Māori birth rites: Hapū, whānau, whenua: Bringing the past into the present

For modern mum Whetu Horo, the recent birth of her baby son was imbued with the spirit of her precious culture, explains Tiffany Brown.

The first people of Aotearoa 

Dwelt here for centuries before the arrival of the Europeans. Since Captain James Cook and his men claimed the discovery of this inhabited land in 1770, systematic infiltration of people from all over the globe has followed. Māori culture has endured a tumultuous history in that time, in which rites and customs have alternately been puzzled over, ridiculed, ignored, stamped out, persecuted, and celebrated. But many indigenous descendants of this proud heritage have worked tirelessly to keep its traditions alive, and as a result we are now seeing greater mainstream acceptance of the incorporation of special birth protocols for modern mothers.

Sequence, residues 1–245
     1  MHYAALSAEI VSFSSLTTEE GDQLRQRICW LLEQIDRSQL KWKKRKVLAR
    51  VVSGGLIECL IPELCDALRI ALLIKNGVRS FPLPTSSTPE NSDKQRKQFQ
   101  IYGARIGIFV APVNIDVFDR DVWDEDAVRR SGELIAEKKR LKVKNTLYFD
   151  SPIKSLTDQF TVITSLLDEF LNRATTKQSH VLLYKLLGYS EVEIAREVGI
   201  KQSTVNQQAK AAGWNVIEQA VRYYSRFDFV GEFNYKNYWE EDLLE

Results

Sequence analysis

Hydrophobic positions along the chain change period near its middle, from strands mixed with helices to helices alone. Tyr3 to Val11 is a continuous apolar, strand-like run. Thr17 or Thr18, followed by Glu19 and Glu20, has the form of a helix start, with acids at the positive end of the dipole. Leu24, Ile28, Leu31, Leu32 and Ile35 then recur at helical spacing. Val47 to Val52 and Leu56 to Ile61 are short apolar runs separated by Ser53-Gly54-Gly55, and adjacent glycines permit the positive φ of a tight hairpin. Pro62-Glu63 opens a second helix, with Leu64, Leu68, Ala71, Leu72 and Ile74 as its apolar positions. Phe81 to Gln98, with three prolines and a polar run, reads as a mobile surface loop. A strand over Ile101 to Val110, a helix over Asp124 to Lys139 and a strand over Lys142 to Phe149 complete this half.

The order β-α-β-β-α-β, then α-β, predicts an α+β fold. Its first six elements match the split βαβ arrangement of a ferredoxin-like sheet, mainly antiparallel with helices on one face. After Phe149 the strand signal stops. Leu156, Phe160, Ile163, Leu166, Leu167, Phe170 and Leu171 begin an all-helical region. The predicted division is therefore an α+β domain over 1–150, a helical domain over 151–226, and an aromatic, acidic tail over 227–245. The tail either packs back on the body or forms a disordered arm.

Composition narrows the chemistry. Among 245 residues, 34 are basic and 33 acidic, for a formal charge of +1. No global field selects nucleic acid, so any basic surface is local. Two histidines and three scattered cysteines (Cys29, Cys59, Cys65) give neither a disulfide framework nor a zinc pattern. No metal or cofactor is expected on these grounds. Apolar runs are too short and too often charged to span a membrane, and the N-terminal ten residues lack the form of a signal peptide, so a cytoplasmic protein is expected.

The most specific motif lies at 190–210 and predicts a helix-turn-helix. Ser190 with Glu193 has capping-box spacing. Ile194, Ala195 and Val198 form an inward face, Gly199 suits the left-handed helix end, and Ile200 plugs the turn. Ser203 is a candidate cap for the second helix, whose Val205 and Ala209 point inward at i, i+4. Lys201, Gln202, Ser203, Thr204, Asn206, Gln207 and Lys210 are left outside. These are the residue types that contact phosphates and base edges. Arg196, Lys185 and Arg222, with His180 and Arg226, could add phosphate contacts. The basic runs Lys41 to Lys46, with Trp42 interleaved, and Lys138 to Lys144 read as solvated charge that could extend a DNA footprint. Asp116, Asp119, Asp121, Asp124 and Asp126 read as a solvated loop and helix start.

Birth in the Māori tradition

Māori culture has a strong oral tradition, and te reo Māori, or the Māori language, is richly layered, and an effective means through which non-Māori may more fully understand the wairua (spirit) and tikanga (customs) of the culture. Many will be familiar with the respective meanings of the terms whānau, hapū, and whenua, being family, clan, and land… SUBSCRIBE HERE AND READ THE FULL STORY 


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